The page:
The Taipei MRT is Your Best Friend – Part 2

If you ever find yourself walking along the streets of Taipei and you suddenly see this:

Be warned. The descending steps will lead you to…

..
.
the other side of the road. Period.

So if it’s the Taipei MRT station you’re searching for, check for these land marks instead:

The Taipei MRT logo (in blue) and the yellow entrance/exit number.

Before you get inside the MRT station, make sure you’ve already finished eating, drinking, smoking, or chewing the heck out of your betel nut if that’s also your thing. Eating anything and drinking anything (they say water’s fine but I’d rather really not test) after you’ve gone through the fare gates is strictly prohibited.

While you need to go on a diet of sorts (in the meantime), there are other things that you can enjoy inside an MRT station. Some have convenience stores and boutiques you can grab stuff from. You can also check out the following facilities in case you need internet connection, are stripped for cash, or need to empty thy full bladder/stomach.

WiFi hotspot and charging station


Use Taipei’s free WiFi right on your mobile device. Just look for the TPE-Free hotspot on your tablet/phone/laptop then connect. Once connected, sign up on the home page using your mobile number and key-in your preferred password.

ATM Machines

If you need to withdraw some cash from your non-Taiwan debit/credit card, just look for the Cathay United Bank ATM machines. They are usually located near the fare booths. If your debit card bears the VISA, VISA Electron, Master, or JCB logos, you can use these ATMs to withdraw. Check with your local bank first on how much international fees apply.

Clean restrooms

Investigation alert remains a mystery to me…

Be ready to occupy squat toilets though. Some MRT stations only have the usual toilet seat booths for PWD passengers.

My Eight Commandments to Riding the MRT Taipei

By observing a few unwritten rules, you will be a pro passenger in no time. So I share to you my own list of musts and should-avoids when taking the train. Doing them helped me foster a BFF status with the MRT Taipei lines.

1. Do not eat or drink or do anything with your mouth except answer calls, talk, or yawn while inside the MRT station. The only place you are allowed to replenish your tummy and dried throat is inside a convenience store, if there’s one.

Trust me, you wouldn’t want to get one of this…

2. Stay on the right side when taking the stairs or escalator. The left is for people who are in a hurry.

3. When taking the stairs or escalator, don’t look for the easiest way to get on them. Look for the last person standing on the escalator line. Allow some distance between you and the person before you prior to using the stairs. You do not cut escalator queue lines. You don’t bookmark yourself between two people. You wait for a few seconds and line up like a decent respectable person.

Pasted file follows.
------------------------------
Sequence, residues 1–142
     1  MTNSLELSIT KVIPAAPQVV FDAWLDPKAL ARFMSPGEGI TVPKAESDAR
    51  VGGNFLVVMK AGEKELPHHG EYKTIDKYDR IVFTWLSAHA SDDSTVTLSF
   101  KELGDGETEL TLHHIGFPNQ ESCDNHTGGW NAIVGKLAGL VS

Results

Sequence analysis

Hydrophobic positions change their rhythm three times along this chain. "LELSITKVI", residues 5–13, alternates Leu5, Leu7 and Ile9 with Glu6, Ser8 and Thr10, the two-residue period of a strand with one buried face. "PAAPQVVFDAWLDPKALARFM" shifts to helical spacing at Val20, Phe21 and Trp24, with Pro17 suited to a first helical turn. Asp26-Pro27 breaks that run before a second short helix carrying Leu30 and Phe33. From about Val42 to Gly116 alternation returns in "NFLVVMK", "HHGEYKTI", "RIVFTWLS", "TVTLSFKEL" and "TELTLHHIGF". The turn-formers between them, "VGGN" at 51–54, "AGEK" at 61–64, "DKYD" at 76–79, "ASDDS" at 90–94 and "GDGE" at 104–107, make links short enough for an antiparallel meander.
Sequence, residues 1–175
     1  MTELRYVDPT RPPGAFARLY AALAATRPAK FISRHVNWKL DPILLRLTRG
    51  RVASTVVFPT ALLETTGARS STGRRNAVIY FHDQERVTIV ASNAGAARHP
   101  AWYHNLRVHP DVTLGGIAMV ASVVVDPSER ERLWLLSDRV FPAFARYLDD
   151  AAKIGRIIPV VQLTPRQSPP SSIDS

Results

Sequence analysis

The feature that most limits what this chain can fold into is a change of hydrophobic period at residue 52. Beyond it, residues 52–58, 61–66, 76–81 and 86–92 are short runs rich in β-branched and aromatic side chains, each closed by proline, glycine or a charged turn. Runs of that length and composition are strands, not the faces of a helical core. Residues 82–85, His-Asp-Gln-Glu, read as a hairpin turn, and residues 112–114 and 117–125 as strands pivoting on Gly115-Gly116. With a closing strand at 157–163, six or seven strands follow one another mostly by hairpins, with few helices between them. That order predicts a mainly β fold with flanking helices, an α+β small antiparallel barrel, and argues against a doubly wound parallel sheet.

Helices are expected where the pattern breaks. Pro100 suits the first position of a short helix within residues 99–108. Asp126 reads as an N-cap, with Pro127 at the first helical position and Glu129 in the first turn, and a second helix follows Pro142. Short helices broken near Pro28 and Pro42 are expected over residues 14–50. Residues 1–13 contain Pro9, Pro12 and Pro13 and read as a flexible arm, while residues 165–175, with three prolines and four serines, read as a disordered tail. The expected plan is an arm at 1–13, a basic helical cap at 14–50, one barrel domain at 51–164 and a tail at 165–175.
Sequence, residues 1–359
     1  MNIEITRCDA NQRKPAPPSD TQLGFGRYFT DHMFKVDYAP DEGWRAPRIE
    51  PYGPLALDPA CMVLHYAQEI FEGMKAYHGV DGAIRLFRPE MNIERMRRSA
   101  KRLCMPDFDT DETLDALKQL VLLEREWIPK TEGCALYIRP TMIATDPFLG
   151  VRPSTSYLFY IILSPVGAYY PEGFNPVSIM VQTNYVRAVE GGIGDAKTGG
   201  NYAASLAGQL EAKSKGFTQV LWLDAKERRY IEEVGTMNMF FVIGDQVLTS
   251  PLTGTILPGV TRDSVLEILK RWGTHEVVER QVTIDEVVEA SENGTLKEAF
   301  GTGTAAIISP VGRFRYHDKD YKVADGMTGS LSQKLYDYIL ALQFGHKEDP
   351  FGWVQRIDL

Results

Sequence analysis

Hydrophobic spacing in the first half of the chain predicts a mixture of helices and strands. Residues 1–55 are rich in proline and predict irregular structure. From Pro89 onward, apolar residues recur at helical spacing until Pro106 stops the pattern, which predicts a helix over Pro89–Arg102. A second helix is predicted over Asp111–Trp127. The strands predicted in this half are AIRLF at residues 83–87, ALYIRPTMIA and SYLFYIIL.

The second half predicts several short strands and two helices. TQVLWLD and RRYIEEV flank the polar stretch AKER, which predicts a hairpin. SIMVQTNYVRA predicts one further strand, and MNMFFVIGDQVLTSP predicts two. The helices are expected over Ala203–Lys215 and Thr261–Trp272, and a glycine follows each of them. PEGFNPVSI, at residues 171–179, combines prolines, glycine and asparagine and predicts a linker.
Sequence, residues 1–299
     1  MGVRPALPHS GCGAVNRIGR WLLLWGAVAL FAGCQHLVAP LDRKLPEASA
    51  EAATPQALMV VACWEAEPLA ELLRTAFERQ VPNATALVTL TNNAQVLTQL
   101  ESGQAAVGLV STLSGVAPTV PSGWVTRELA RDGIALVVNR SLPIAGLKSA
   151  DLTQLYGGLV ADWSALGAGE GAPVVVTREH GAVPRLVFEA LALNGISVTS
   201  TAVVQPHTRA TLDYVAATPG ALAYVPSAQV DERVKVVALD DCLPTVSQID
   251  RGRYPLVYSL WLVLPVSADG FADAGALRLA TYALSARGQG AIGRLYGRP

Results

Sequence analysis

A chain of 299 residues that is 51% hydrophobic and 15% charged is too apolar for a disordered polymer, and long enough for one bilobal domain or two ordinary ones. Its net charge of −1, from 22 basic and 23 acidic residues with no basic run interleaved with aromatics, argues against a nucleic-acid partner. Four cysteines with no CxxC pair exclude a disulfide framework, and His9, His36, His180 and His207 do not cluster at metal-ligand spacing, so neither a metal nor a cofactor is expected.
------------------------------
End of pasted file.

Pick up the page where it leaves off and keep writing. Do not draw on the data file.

4. The white lines on the platform’s waiting line tells you where to queue. So queue.

5. If you cross the yellow line on the platform, you will also cross the orange people. Seriously. A whistle blows and just like that you’re reputation is lost.

6. If you have some trash you want to throw, you can look for these steel cans on the platform. But read the labels first to know what kind of trash you’re throwing.

7. Inside the MRT car, the dark blue seats are reserved for the following people: old folks, pregnant women, the disabled, children, women with children.

8. Always be prepared to yield your light-blue seat to the people mentioned above. You will be surprised with how many old folks would refuse what you give them. Even so, smile sincerely and try to respectfully persuade them to take your seat. Most of them have that certain sense of pride but deep down, they would rather sit than endure standing up. Just prod a little. When they give in, it’s kind of sweet actually.

Don’t Get Lost

While on the platform, you should check for these things to make sure you are on the right side.

While inside, check the LED sign on the doors. Wait for a bit until the English words show up. Destination simply tells you the end of the line for that MRT ride. What you need to see is the “Next Station” as it tells you where the car stops next.

“Next Station: Shilin”
The LED here indicates the final stop for this train ride.

As you hop off, you will see numbered signs on top of your head. They pertain to the exit number you can take so that you’ll be off the right way to your destination.

Take advantage of the maps that you also see on the Taipei MRT. They are pretty detailed and user-friendly so you would be able to navigate your way by yourself. They also include the bus routes that are available near the station.

So there! I think that pretty much sums up the stuff I think you ought to know about the Taipei MRT. Now go and explore it on your own. Just remember that the Information Counters and the orange people are always ready to assist you should you run into any trouble. But I think as long as you don’t eat/drink/smoke/chew gum or candy inside you’ll be just fine.

And if you’re lucky, cruising along the Red Line will let you witness some amazing sunsets and Taipei’s night scene.

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